The decor has whimsical dashes of local art and craftsmanship. Photo submitted

Josie Hotel will be ready on opening day, says management

West Kootenay’s first ski-in, ski-out boutique hotel to open this month

They may be Texas property developers, but when Spencer Clements and David Segers arrived in Rossland they reacted just like anyone else. They didn’t want to leave.

Clements, the president of the William Cole group of companies, and Segers, the CFO, started dreaming big. They decided to build their own hotel at the base of Red Mountain.

“They came up 12 years ago, fell in love with Rossland and said, ‘We want to do a project here,’” says Mark Bell, the Josie Hotel’s general manager. “They are very passionate about this place, about Rossland in general.”

It wasn’t smooth sailing all the way— the opening is about a year behind schedule. But in just a few weeks that dream finally becomes a reality.

The Josie is a boutique ski-in, ski-out hotel at the base of Red Mountain. Three years into construction, the $40-million, 106-room facility is just about ready to open.

“We’re in really good shape. We’re in the final stages of making beds, cleaning rooms,” says Bell. “The food and beverage team has been training for a week now, and our guest services team comes on board today. We’re really in the training stages, getting ready to ramp up.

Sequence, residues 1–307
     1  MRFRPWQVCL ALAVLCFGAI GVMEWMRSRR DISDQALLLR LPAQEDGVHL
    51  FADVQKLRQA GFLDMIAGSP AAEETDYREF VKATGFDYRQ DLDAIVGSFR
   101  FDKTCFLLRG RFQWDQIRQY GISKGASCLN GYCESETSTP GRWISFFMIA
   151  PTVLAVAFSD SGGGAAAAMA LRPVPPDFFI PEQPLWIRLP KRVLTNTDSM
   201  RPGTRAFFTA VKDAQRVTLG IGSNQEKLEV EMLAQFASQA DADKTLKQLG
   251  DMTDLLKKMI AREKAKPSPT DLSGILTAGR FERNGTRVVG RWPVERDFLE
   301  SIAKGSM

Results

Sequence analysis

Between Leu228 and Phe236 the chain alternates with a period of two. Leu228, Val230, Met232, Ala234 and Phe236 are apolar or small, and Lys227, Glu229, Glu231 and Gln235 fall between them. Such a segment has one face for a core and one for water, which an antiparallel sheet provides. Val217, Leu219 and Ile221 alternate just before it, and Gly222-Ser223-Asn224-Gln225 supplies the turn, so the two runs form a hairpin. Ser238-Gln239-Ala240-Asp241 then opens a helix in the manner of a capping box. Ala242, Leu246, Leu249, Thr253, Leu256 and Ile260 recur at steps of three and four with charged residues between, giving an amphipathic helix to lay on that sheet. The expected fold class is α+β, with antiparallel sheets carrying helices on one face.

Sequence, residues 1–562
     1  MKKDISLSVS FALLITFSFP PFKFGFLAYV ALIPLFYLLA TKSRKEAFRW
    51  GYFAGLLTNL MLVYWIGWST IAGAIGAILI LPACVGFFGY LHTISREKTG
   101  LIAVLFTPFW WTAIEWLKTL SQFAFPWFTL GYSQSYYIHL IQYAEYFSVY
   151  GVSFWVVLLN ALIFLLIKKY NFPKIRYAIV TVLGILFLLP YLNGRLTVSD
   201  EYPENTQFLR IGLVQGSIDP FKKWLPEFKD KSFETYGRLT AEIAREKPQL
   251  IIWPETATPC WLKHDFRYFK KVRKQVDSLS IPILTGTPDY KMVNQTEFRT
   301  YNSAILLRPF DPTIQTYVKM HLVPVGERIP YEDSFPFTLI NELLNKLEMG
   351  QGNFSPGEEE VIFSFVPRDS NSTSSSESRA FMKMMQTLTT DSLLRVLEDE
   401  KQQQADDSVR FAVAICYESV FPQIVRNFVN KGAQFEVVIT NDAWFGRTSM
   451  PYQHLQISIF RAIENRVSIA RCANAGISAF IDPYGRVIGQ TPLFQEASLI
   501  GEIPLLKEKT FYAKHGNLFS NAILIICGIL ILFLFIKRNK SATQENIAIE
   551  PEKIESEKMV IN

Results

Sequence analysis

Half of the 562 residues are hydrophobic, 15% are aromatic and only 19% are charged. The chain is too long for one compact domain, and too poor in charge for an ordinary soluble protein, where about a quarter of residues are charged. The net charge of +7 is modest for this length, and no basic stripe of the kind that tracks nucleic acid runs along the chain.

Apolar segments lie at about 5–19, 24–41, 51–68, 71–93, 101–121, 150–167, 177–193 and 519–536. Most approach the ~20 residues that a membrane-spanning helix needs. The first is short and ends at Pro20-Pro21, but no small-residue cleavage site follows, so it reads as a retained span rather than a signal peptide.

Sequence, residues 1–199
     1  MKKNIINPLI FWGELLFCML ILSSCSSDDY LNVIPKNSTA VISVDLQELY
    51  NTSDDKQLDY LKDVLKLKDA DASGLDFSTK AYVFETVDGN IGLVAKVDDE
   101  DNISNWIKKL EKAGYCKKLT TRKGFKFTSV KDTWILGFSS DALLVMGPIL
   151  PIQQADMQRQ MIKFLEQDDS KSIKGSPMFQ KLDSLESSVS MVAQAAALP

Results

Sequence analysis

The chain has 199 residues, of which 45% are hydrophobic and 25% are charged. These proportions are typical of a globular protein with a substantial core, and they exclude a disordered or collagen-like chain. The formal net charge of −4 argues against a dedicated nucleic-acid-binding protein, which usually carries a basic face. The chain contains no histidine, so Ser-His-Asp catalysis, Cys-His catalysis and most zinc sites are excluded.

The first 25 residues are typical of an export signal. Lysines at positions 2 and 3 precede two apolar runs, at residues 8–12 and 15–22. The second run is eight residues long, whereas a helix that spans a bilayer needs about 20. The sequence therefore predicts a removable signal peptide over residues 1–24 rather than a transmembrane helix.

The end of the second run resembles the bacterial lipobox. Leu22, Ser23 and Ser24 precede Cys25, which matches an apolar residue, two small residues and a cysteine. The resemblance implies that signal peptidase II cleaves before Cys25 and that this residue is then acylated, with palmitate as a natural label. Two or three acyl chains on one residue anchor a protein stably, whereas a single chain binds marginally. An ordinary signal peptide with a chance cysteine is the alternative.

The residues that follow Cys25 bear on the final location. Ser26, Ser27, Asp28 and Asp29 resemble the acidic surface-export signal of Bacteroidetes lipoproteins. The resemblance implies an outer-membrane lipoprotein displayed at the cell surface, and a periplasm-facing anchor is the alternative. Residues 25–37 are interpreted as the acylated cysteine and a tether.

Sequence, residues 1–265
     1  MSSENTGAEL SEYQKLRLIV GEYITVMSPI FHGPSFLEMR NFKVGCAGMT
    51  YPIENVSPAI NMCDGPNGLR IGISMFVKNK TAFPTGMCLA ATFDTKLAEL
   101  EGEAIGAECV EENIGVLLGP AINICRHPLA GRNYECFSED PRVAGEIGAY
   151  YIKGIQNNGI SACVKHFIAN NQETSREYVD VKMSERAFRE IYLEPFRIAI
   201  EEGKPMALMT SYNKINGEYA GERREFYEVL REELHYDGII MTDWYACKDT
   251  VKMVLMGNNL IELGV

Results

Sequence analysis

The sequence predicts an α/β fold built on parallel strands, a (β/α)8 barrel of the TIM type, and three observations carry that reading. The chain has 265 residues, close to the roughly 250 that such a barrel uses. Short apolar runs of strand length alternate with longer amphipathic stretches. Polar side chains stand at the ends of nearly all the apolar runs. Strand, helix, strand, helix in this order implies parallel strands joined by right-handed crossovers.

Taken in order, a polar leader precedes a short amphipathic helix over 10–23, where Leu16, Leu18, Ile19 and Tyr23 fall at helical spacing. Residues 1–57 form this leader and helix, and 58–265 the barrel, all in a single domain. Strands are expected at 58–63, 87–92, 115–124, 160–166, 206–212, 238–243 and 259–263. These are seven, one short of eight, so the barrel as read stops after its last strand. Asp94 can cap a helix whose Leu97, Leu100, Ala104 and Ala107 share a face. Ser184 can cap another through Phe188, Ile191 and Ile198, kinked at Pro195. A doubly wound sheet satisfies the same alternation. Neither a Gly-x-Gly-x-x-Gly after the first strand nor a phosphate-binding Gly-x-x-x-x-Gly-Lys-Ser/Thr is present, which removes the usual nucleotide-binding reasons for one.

With about 60 local staff hired already and plans to add 40 more during peak season, Bell says the Josie will be providing a boost to the local economy, adding jobs and paying taxes to the local government.

SEE: Josie Hotel in Rossland to provide local jobs

Bell also says the vast majority of goods and services bought for the hotel come from Canada, including specialty furniture and feature touches created by local artists.

“The owners are very particular about having a local flavour,” says Bell. “They want people to come here and see what Rossland has to offer, not come here and stay in a chain hotel, with someone else’s generic brands.

“This is about culture, it’s about lifestyle, and the image of Rossland.”

That image of Rossland is ultimately about skiing. Bell says that’s the experience the visitor will get from the minute the arrive.

“The building is situated to maximize the views,” he says. “When you drive up to the entrance, and you get out of the car, what do you see? The ski hill. People will arrive, take a look, and say, ‘Wow, I want to get out there.’”

The rest of the hotel is designed to maximize that experience as well, with skiers able to ski right off the slope into the ski valet area, have their equipment checked, cleaned, secured, and prepared for them for the next day. A spa, hot tub and pool — still under construction— will also add to the experience.

“We’re targeting the adventure traveller who enjoys a touch of luxury and that authentic, true mountain experience,” says Bell. “Red Mountain is a bucket-list ski destination, and that’s what we’re doing here.”

“This is more for the Arc’teryx-type,” says Bell, referring to the high-end but meant-to-be-used ski apparel. “A lot of them are very good skiers, they have ability financially to travel, but are not coming here for the Vail experience.

“They’re coming here for what Red Mountain and Rossland are known for — some of the best skiing in North America, for glade skiing, for snowboarding. We have one of the biggest cat-skiing operations in the world.”